Cassadaga, Florida is a Spiritualist community just north of Disney World. We’ve posted about it several times. Established in 1894, it’s now a flourishing little town where nearly every resident is a medium or psychic who specializes in contact with spirits. On weekends, the place is jammed with cars and tourists, all of them walking through the old, narrow streets, past Spirit Lake, in search of exactly the right medium. Hotel Cassadaga is usually booked solid on weekends.
When Megan was just a baby, we went to Cassadaga for readings and stayed at the Cassadaga Hotel. We were surprised that we were the only guests and later learned it was bike week in Daytona, so that’s where the tourists had gone. We had our choice of rooms and selected one on the third floor. It was actually two connecting rooms that overlooked the Colby center – now a bookstore and gift shop.
We walked around the town that afternoon, pushing Megan along in her stroller. I think we had readings with Hazel Burly, mentioned in the linked post above. I have this vague memory of Megan crawling around on Hazel’s floor, scampering after her cat or dog. That evening, we ate at a restaurant in nearby St. Helen’s.
When we entered the hotel later that evening, I was struck by how eerily quiet it was. The hotel doesn’t have an elevator, so we folded up Megan’s stroller and headed up the stairs to the second floor. It was so still, the groan and creak of the steps and the old wooden floors sounded abnormally loud.
We settled in for the evening with our books. We didn’t bother locking the doors. The town was deserted, the hotel was empty, what was the point? Around eleven or twelve, we turned off the lights. Megan had fallen asleep earlier. I remember it was unusually chilly that night and my feet were cold. I got up to scour the closet for additional blankets, found one, and fell back into bed. Just as we were drifting off to sleep, we heard footfalls on the stairs. Loud footfalls. It sounded like a troop of bikers from Daytona had arrived wearing heavy boots. It sounded like an army.
I was a little spooked and whispered, “Hey, Rob, aren’t we alone in the hotel?”
“That’s what the guy at the desk said. Maybe he’s doing his midnight rounds or something.”
Rob is more grounded than I am when it comes to this stuff. But I could hear uncertainty in his voice. We lay there, listening. The footfalls became echoing thuds. It began to freak me out. The clerk, I recalled, was a short, skinny guy; these thuds sounded like they came from a 300 pound monster.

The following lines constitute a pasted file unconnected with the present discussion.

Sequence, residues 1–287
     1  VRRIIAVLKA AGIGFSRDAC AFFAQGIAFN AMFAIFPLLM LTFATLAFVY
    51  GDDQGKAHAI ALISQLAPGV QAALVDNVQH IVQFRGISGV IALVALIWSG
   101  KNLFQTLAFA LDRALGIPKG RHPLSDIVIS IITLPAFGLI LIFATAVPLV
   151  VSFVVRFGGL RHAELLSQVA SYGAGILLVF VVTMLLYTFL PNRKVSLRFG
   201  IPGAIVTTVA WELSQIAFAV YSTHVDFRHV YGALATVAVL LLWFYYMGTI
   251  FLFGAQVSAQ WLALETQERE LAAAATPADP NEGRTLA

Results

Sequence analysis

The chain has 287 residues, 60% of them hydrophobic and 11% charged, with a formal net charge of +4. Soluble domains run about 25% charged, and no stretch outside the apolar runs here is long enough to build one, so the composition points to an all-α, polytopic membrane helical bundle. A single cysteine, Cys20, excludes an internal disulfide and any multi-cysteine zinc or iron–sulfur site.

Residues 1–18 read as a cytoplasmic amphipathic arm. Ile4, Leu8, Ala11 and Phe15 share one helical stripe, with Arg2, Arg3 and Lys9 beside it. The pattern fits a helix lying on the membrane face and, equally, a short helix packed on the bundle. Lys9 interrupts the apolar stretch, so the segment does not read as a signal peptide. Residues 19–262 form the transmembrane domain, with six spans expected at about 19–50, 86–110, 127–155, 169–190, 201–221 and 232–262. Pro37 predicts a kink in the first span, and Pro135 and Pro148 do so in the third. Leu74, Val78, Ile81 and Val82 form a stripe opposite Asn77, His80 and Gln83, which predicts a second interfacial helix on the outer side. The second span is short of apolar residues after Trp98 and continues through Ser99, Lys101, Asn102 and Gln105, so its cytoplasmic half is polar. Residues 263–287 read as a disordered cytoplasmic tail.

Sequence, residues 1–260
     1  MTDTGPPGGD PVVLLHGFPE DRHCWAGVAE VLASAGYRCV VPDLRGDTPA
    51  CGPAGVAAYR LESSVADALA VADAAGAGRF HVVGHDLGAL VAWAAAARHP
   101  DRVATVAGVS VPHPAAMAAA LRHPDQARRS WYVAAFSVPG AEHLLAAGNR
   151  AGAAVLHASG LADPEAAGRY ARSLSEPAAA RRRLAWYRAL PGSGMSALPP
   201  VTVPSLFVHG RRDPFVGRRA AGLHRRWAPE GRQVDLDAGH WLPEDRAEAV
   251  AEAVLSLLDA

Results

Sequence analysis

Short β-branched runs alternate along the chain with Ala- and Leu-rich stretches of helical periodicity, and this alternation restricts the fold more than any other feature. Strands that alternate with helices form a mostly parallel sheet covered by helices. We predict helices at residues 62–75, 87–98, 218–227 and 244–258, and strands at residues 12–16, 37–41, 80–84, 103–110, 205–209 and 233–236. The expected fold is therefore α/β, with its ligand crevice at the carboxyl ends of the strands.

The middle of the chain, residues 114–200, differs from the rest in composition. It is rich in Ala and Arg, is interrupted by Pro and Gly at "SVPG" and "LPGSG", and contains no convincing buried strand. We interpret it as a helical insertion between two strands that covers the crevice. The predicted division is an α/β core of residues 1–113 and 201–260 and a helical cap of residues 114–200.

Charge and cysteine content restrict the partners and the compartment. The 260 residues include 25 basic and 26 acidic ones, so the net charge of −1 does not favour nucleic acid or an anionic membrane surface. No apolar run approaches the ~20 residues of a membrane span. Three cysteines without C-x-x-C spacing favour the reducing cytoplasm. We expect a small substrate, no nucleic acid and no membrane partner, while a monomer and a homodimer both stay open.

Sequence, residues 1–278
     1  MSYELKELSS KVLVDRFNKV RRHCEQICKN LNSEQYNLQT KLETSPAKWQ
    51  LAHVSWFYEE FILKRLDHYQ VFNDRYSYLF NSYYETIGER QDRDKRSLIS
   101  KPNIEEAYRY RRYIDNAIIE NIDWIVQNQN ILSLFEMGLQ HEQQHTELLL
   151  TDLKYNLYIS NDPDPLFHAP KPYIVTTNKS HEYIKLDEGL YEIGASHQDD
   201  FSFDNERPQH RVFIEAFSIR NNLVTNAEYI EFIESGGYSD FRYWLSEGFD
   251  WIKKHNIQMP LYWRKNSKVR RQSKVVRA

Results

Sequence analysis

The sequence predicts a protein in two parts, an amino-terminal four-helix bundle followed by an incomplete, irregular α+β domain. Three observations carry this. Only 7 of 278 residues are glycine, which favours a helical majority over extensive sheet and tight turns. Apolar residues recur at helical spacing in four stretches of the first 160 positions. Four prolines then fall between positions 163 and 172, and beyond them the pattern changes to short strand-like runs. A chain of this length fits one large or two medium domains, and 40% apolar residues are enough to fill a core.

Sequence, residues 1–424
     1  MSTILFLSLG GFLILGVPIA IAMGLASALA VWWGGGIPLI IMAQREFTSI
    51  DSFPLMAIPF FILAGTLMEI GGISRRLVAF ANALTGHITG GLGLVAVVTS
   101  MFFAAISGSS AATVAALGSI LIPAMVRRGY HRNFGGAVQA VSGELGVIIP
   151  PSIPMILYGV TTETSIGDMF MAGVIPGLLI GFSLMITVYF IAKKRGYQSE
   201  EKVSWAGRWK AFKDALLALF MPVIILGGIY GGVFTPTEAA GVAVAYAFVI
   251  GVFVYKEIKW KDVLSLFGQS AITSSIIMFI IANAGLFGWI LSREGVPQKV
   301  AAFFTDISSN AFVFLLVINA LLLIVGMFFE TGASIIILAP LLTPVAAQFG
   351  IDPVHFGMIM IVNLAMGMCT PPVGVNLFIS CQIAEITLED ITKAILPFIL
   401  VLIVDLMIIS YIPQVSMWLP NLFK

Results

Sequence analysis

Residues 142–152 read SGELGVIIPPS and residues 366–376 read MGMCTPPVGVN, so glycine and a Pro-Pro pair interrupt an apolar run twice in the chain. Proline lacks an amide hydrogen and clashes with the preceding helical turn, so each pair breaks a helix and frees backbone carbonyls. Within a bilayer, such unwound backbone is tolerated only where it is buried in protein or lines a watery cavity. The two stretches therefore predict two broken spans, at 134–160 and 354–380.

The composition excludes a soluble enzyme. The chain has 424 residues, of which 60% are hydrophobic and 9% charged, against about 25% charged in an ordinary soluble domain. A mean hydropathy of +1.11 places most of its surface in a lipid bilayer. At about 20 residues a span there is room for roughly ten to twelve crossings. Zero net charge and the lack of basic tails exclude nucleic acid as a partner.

I suddenly got up and hurried into the adjoining room to get Megan. Rob turned on the lamp, but the light didn’t do much to mitigate my mounting fear and panic. The thuds now sounded like something out of The Shining, so hard and loud I thought I could feel the hotel shaking. I swept Megan out of her bed and rushed back into the other room, where Rob was now locking the doors. I set Megan, who still slept on, oblivious, in our bed and hurried over to where Rob was.
“What the hell is it?” I hissed.
“Not the night clerk.” He pressed his ear to the door.
The clunks and thuds reached the top of the stairs. A sense of profound malevolence electrified the air, that’s the only way I can describe it, and for moments, neither Rob nor I moved. The thuds escalated to the point where it sounded as if a semi was slamming repeatedly into the building. Then the thuds stopped. Total silence. We could hear someone breathing outside our rooms.
Rob and I immediately pushed a heavy wooden dresser in front of one door and moved the bed in which Megan had been sleeping in front of the other door. We moved back to the bed, Rob on one side, me on the other, both of us terrified that whatever it was would break through our defenses.
The knobs turned, rattled. The inside of my mouth flashed desert dry. We simultaneously reached for Megan, Rob grasping one of her hands, me grasping the other. I don’t know where we thought we would escape if whatever was on the other side of that door broke in. There was no fire escape, just a roof – and a long jump to the ground. Whatever it was kicked the door viciously, then the thudding footfalls continued down the hall and gradually faded away.
We didn’t sleep much after that. The next morning, when we checked out, I asked the clerk if the hotel was haunted. He sort of grinned. “You bet. But we’ve only got friendly ghosts here.” It even says that on the hotel website.
We beg to differ. What happened to us in Cassadaga was terrifying. But we had a similar experience in the Dominican Republic that was energizing. We didn’t feel threatened then. I’m not sure why the experiences differed so radically emotionally. Perhaps it had something to do with the spirits involved.
Rob wondered whether this story is a true synchronicity. So let me add this to put his mind at ease! For Carl Jung, many types of psychic phenomena fell under the larger umbrella of synchronicity. Jung had several experiences with spirits.
During the winter of 1924, he spent vast stretches of time alone in the tower of the home he built on the shores of Lake Zurich. As author Deirdre Bair recounted in Jung: A Biography, he experienced “ghostly presences” in the tower. “He heard music, as if an orchestra were playing; he envisioned a host of young peasant men who seemed to be encircling the tower with much laughter, singing, and roughhousing.” Bair says these experiences happened only once to Jung, but that he never forgot them.